Friday, January 11, 2013

More on the Enterprise Data Platform: Data Requirements

In my last post, I talked in very general terms about an Enterprise Data Platform (EDP) and in very specific terms around what I consider to be a core requirement of any EDP, data governance. If I have a set of services and processes that provide data governance, I have a way to manage data. What kind of data am I trying to manage?

I'm primarily concerned with building systems that contain  event data and reference data. Event data can be data copied from OLTP systems, it can be user click streams, machine data collected at regular intervals --  anything that signals an event happening.  Event data can be huge.

Reference data is data that can be used to classify/quantify aspects of an event.  If I'm looking at a click stream, a user ID is reference data that I can aggregate events by. In OLAP terms, events can be cast as facts, with reference data providing some of the dimension values.

This data starts to get valuable when  'raw' event data is joined to reference data, and then in turn joined to other event data along a specific reference dimension. For example, aggregating user click stream and email campaign opens by user ID could be used to track the rate at which the email campaign actually generated new users.

In addition to that kind of analytical use, event data can be used to classify users and/or determine their affinities. This kind of derivative data is typically referenced at runtime, by the same applications that are generating the event data.

The two cases above are interesting because they have opposing requirements. Analytic data must first and foremost be consistent, especially when financial reporting and/or business decisions are being made from that data. Consistency in this case implies that when a value is written, the next read reflects the last change made to that variable.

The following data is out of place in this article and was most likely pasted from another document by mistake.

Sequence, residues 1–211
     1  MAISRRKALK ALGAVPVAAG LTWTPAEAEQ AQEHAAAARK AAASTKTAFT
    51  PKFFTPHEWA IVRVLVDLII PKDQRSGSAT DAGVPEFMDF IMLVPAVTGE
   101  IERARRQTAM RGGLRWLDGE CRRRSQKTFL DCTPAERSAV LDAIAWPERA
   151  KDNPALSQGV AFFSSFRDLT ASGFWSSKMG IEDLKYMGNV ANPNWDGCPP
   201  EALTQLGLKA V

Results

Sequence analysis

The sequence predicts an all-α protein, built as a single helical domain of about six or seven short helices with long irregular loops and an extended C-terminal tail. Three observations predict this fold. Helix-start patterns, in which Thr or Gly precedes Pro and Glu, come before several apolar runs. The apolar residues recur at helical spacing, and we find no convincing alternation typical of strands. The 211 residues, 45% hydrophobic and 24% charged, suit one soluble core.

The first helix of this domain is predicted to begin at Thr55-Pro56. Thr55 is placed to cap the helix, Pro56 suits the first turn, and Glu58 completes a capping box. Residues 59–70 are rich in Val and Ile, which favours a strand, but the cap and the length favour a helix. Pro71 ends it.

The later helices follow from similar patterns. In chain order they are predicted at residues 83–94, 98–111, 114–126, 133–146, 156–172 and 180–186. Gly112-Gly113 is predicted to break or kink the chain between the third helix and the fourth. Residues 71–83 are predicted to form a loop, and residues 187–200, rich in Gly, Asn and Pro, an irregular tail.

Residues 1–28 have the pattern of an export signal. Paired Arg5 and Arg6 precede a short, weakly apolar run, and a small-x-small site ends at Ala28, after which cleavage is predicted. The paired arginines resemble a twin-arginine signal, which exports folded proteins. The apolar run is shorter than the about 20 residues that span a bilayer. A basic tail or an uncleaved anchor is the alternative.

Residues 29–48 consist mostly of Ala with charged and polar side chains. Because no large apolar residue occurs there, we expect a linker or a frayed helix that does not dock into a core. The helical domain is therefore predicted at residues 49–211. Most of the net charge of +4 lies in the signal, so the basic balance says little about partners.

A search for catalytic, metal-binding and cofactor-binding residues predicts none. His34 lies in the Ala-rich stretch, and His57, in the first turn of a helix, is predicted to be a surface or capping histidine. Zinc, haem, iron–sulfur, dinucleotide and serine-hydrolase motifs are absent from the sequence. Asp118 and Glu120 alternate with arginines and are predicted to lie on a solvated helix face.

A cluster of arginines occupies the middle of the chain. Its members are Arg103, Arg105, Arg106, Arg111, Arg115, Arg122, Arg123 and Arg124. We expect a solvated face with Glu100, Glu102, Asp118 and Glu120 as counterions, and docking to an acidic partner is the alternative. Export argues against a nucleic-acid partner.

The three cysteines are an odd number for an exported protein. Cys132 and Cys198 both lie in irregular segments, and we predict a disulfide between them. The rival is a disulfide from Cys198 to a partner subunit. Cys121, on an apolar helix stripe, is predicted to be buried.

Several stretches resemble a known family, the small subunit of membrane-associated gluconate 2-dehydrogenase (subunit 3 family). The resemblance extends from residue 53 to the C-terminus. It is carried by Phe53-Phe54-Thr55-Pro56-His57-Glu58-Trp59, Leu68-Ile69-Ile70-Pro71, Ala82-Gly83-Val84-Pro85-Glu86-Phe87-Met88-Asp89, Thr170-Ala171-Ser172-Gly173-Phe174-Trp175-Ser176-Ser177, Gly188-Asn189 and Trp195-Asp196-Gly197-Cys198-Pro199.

Runtime data must first and foremost be available, because unavailability of data may compromise application behavior. Besides, preference or personalization data is derivative data, generated on a set interval as a batch process. Being out of sync for a long time will eventually mean the application will grow 'stale', but when we talk about availability at the expense of consistency, the usual case is that any inconsistency between read state and written state will be resolved in sub second time.

Why is this important?

  1. Enterprises collect a lot of this data -- TB/day -- and that scale will swamp any single machine based database. 
  2. The enterprise must therefore store data on a storage platform that spans many machines -- a cluster. 
  3. The moment data is stored in a cluster, it is subject to the CAP theorem, which states that a distributed system cannot enforce Consistency, Availability, and Partition Tolerance at the same time. 
  4. While it is valid to desire a clustered system that favors either Consistency or Availability, Enterprise level  requirements state always require partition tolerance, so we can have one or the other, but not both. 
  5. This means that there are usually two main systems, an analytic focused system, and a runtime facing system. The analytic focused system favors consistency, the runtime facing system favors availability.
  6. An EDP that wants to offer both analytic and runtime facing data must have at least two systems, one which is consistent for analytic data, the other which is available for runtime facing data.
So now my definition of an EDP has evolved. It must have some fundamental Data Governance, and due to the scale enterprises operate at, must have 1..N analytics focused platform(s) and 1..N runtime facing platform(s). In my next post I'll focus on the analytic focused platform requirements. 







1 comment:

  1. Arun-

    I'm really enjoying the posts on EDP. Can you get into more detail about how you're analyzing your event data? I have an open source behavioral analytics database called Sky (http://skydb.io) that works with event data grouped by a reference identifier. I'd love to hear how you're doing things and maybe compare notes.

    (P.S. I think I'm having issues posting comments to this blog via my iPhone. Just a heads up.)

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